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The Meiji-era had been a time of unprecedented change, upheaval (and instability) in Japan - a time of rapid growth and modernization.

"For the good of the nation" the Meiji Government had recognized a need to monitor and regulate the activities of all group and organizations (political, social, & spiritual), lest they disseminate 'dangerous thoughts' - ideas in any way conflicting with, or critical of, the official views and doctrines of the State.

Though, this 'big brother' style approach was not really anything new; rather - particularly in relation to spiritual/religious groups - it was in many ways simply a continuation of policies implemented during the pre-restoration eras. (For example the Genroku period has seen the forceful prohibition of "new doctrines & deviant sects")

Laws passed during the Meiji era required that the tenets and principles of all spiritual/religious groups must in no way contradict (or even appear to contradict) the doctrines of the Imperial Cult ('State Shinto') central to which was a belief in the divinity of the Emperor, and the veneration of the Sun Goddess, Amaterasu.

Conformity to the State ethos was seen as paramount, and this focus on the prevention of 'Thought Crime' was a trend that continued into and throughout the reign of Meiji's successor: the Emperor Taisho.

For example, in 1925, the Taisho Government passed the Chian Iji Ho (Peace Preservation Law/ Public Security Act), primarily with the intent of stemming the spread of Socialist thought. However this Law was also implemented to control the growth and activities of religious and spiritual groups - both large and small.

All such groups had to be legally approved by the Bureau of Religion - a department of the Ministry of Education.

Groups that did not achieve legal sanction -i.e. did not achieve the status of officially recognized organizations - were viewed with high levels of suspicion and held in great contempt by the authorities.

In many cases, deemed ruiji shûkyô ('quasi/pseudo-religious organizations') these unsanctioned groups fell under the jurisdiction of the Home Ministry and were subjected to persistent police monitoring and frequent, rigorous, inspection and scrutiny.

It is quite likely that a spiritually-orientated group such as Usui-sensei's would have been classified as ruiji shûkyô...

We are told that in Apr 1922 Usui-Sensei opened his first training centre in Harajuku, Aoyama, Tokyo.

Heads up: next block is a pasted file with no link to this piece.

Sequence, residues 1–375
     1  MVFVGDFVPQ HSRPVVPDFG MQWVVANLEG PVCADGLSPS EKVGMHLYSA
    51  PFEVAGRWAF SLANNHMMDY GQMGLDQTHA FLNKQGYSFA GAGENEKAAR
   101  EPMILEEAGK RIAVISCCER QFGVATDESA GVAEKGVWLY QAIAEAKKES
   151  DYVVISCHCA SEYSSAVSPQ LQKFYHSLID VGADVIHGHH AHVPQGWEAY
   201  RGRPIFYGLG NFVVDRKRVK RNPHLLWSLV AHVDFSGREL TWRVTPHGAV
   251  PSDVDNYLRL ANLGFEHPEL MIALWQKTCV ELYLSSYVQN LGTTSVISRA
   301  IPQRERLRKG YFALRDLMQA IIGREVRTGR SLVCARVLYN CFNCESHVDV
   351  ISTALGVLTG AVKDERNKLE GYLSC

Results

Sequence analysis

Over the next two years, the number of people studying with Usui-sensei grew to the extent that in Feb 1924 Usui-Sensei moved his Centre to larger premises in Nakano.

The fact that this group was increasing in number was presumably carefully noted by the authorities.

As the group continued to grow this would have led to greater interest from officials at the Home Ministry.

We know from the Memorial Stone in the Saihoji Temple graveyard that Usui-sensei's fame had spread far and wide, and this would no doubt have been a cause of considerable concern for the authorities, who would need to be reassured that there were no elements of Usui-sensei's teachings which might be deemed to be in any way critical of, or contrary to, official State doctrine.

We are also told that in 1925, about twenty Officers of the Imperial Navy (including 2 Admirals) joined Usui-sensei's Centre - that it was under their influence that the chanting of gyosei poetry - penned by the Meiji Emperor - first began to be used at the start of the meetings; and that within days of their arrival, there was a sudden shift in the nature and structure of the training being provided at the Centre.

This sounds as if the Centre was actually being taken over by the Naval Officers?

Had they perhaps been assigned the task of 're-aligning' the activities, aims and objectives of the Centre?

And perhaps also, been tasked with discovering ways in which Usui-sensei's skills, teachings and training (like that of many others) could be 'appropriated' for the greater good of the State?


(to be continued…)

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